10 Dec Understanding the impact of Brominated Flame Retardants on the recyclability of Waste Electrical & Electronic Equipment
On November 18, 2020, the International Bromine Council (BSEF) organised a webinar on the recyclability of Waste Electrical & Electronic Equipment (WEEE) plastics in the context of the EU Circular Economy Action Plan. This launched a Sofies’s publication of an independent study entitled “Impacts of Brominated Flame Retardants (BFRs) on the recycling of WEEE plastics.”
Arthur Haarman from Sofies highlighted that of the estimated one million tons of WEEE plastics sent to recycling facilities, 55% is effectively recycled. However, the recycling yield is not impinged by the presence of BFRs, since such facilities manage to create a high-density fraction containing more than 95% of the original BFRs content.
This means that simply switching from Brominated to other Flame Retardants would not necessarily improve WEEE plastics recycling. On the contrary, some alternative FRs might create bigger obstacles to circularity by lowering yields and the quality of recovered plastics.
The Sofies study and its results were warmly welcomed by Chris Slijkhuis, General Manager of MGG Polymers and board member of the European Electronics Recyclers Association (EERA). He provided a broad overview of the trends and challenges for E‐Waste plastics recycling. He also emphasized that electronic waste plastic represents a growing supply of plastic, comparable to virgin plastics in terms of quality and price stability, while using less than 10% of the energy and saving about 3-5 tons of CO2/ton PCR.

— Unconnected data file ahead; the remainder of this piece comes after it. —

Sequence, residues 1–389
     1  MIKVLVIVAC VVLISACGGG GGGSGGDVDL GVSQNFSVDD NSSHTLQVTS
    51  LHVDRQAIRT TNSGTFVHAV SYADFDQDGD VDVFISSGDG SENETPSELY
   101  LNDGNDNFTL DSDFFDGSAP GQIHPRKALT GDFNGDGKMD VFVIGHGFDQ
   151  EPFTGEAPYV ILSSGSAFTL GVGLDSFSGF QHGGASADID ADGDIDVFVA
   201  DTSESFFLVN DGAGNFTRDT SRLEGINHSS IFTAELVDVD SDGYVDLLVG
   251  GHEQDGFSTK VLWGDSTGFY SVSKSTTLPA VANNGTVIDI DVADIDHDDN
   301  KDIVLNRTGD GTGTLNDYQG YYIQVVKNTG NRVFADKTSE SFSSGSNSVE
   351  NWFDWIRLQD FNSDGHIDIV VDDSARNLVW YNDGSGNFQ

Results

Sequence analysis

This discussion also highlighted that despite the many benefits of WEEE plastics recycling, multiple regulatory and market challenges negatively affect its uptake. From a regulatory perspective, fluctuating thresholds as well as overlapping and sometimes contradicting products and waste legislation were identified as the main obstacles for the recycling industry.
Webinar participants mentioned additional market-related hurdles. The fact that WEEE plastics cannot move freely in Europe and that plastics containing BFRs cannot be imported from France, UK, and parts of Germany, there are fewer recycling opportunities and less willingness to invest and develop further capacities.
Maria Banti, Policy Officer at the European Commission Directorate General for Environment, also stressed the need to improve the market for secondary raw materials and prevent shipment to third countries of valuable materials, like WEEE plastics. In this regard, the Chemicals Strategy for Sustainability and the review of rules of waste shipments will set the stepping stones.
WEEE plastics recycling in the circular economy is not just a matter of small talks in sophisticated policy circles around Brussels. Increasing recycling yields while ensuring safe waste streams will not only benefit the environment reducing plastic waste and emissions. The overall economy will gain by ensuring the uptake of valuable secondary raw materials, which are otherwise waste.
In case you missed the webinar, you can watch the full recording here.